An important target of B2R cell signaling is NF-κB (Chen et al., 2004), which is activated by the phosphorylation and targeted proteasomal degradation of inhibitors of NF-κB (e.g. IκBα) (Liu et al., 2017). In two different murine models involving the murine hepatitis virus strain (MHV), conflicting results with the proteasome inhibitor (PS-341/bortezomib/Velcade) revealed improved survival in one model involving the MHV-1 strain (Ma et al., 2010) and increased infection and mortality in the other model involving the MHV-A59 strain (Raaben et al., 2010a). These differences may, in part, be due to differences in the virus (MHV-1 (pneumotropic) versus MHV-A59 (neurotropic)), mouse strains (A/J versus C57BL/6), drug concentrations (0.25 mg/kg versus 1 mg/kg), and the route of administration (subcutaneous versus intraperitoneal), respectively. In both studies, drug-induced inhibition of viral replication in vitro was noted and has been further supported in studies identifying the importance of the ubiquitin proteasome system in viral entry, RNA synthesis and mRNA translation (Raaben et al., 2010b). Bortezomib is commonly used in the treatment of multiple myeloma and in particular patient subsets, severe pulmonary toxicity has been reported (Li et al., 2016). The effects of proteasome inhibition in COVID-19 are not clear; however, the extensive pro-inflammatory response in severe COVID-19 patients (Chen G. et al., 2020; Qin et al., 2020) suggests that drugs targeting NF-κB (Table 3) (Baeuerle and Baichwal, 1997; Miller et al., 2010) could be of benefit in dampening excessive cytokine responses in some COVID-19 patients.
B2R also signals through NF-κB to induce cytokine production and to activate COX-2, promoting prostaglandin production (Chen et al., 2004). The SARS-CoV components, S-protein (Liu et al., 2007) and N-protein (Yan et al., 2006), are implicated in the activation of COX-2 via calcium dependent and independent signaling. Inhibition of COX-2 via siRNA or the NS-398 COX-2 inhibitor revealed that COX-2 is required for replication of the MHV-A59 strain in vitro (Raaben et al., 2007). In a murine model of influenza A/H5N1, intraperitoneal treatment with the antiviral neuraminidase zanamivir improved viability that was further enhanced with the addition of the COX-2 inhibitor celecoxib (Zheng et al., 2008). In COX-2 deficient mice infected with influenza A/Hong Kong/8/68 (H3N2), the COX-2-deficient mice exhibited enhanced survival compared to wild-type controls (Carey et al., 2005), highlighting the potential benefits of COX-2 inhibition in viral infection.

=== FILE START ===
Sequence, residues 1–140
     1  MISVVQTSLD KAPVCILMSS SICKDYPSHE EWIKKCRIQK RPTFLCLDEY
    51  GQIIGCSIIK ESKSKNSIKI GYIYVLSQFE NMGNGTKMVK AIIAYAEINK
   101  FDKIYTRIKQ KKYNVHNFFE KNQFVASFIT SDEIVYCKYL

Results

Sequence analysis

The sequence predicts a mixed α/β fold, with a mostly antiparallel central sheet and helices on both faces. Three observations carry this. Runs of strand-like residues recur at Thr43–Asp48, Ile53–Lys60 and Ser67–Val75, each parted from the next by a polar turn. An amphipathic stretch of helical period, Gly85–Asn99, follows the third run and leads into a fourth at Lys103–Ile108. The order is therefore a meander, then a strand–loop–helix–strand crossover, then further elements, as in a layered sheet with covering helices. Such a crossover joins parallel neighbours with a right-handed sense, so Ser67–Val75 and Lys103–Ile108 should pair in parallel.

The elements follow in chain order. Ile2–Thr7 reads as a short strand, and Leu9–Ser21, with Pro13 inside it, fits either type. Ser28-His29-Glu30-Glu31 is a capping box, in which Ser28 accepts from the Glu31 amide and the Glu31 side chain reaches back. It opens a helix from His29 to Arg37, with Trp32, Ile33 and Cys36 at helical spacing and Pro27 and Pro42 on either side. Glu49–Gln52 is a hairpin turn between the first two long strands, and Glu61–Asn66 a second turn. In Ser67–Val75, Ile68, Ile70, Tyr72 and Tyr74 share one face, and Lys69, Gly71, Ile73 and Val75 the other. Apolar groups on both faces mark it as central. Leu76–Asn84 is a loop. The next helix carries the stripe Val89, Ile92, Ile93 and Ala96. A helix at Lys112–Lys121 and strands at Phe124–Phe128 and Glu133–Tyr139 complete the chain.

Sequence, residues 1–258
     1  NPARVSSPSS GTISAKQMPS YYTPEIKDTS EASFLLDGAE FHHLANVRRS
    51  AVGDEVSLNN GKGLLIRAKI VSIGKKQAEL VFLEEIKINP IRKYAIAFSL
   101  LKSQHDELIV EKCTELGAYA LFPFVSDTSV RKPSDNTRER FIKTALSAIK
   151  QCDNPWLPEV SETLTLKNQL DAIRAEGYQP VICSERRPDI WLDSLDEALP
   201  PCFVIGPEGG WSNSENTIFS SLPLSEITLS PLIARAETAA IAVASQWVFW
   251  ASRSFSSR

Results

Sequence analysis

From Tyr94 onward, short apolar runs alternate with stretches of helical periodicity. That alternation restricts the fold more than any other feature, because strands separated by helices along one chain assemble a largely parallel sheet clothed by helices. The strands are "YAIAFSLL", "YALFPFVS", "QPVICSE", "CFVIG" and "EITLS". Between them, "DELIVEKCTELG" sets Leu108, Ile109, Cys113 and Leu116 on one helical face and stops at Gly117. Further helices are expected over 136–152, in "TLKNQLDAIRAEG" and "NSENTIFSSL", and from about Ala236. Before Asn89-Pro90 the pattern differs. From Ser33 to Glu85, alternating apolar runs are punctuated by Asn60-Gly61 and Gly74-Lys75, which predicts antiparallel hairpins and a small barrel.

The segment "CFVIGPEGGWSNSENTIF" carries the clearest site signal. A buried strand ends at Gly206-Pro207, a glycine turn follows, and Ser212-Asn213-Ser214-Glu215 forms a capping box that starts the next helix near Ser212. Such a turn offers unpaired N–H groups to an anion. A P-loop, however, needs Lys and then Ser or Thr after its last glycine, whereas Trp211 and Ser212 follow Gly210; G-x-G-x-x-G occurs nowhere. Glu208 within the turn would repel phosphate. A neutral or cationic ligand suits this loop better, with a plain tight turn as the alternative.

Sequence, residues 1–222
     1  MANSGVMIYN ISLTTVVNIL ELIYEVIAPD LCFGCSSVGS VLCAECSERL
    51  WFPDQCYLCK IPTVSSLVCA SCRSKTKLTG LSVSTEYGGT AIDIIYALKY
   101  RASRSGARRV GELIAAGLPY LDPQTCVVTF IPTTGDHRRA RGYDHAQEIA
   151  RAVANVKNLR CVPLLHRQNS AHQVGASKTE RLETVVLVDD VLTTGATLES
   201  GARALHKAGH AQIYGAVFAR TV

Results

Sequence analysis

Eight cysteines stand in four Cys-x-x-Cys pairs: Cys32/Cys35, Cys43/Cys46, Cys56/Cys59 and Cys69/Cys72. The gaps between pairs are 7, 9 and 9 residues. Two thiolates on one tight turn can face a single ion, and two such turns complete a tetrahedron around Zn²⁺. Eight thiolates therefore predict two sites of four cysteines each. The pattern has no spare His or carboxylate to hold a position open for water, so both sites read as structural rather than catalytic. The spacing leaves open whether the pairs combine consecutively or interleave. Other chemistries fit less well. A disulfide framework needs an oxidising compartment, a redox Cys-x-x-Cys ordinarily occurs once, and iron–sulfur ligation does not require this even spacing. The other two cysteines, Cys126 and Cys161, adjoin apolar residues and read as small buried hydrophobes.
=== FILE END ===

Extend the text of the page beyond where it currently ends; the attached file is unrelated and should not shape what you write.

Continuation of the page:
Non-steroidal anti-inflammatory drugs (NSAIDs), such as ibuprofen, antagonize COX enzymes. In a rat model of streptozotocin-induced diabetes, oral gavage with ibuprofen reduced the production of Ang II and ACE but induced the production of ACE2 in cardiac tissue (Qiao et al., 2015). In murine bone marrow-derived dendritic cells and human peripheral blood monocytes, B1R and B2R agonists or an ACE inhibitor (captopril) blocked recombinant interferon-α- or TLR-induced type I interferon responses. In the additional presence of an NSAID (indomethacin), the type I interferon response was restored (Seliga et al., 2018). Because SARS-CoV is able to delay TLR-induced type I interferon responses (Kindler et al., 2016) and activate COX-2 (Liu et al., 2007), a role for kallikrein-kinin signals that stimulate prostaglandin production may exist in the pathogenesis of SARS-CoV and SARS-CoV-2. The potential for NSAIDs to induce ACE2 production and possibly increase opportunities for SARS-CoV-2 to bind host cell ACE2 has created controversy regarding the use these drugs (Russell et al., 2020). NSAIDs are predominantly non-selective inhibitors of COX-1 activity (Warner and Mitchell, 2004). Classes of NSAIDS include salicylates (e.g. aspirin), salicylic acid derivatives (e.g. 5-aminosalicyclic acid), acetic acid derivatives (e.g. sulindac), oxicams (e.g. piroxicam), propionic acid derivatives (e.g. ibuprofen), and COX-2 inhibitors (e.g. celecoxib). Whether selective COX-2 inhibition has an effect on ACE2 production, SARS-COV-2 replication, or COVID-19 inflammation requires further investigation (Figure 7, Table 3). Other classes of NSAIDS, aside from aspirin, have beneficial anti-inflammatory effects in general; however, potential cardiovascular effects may limit use in clinical treatment, and are therefore not included in the associated figure and table.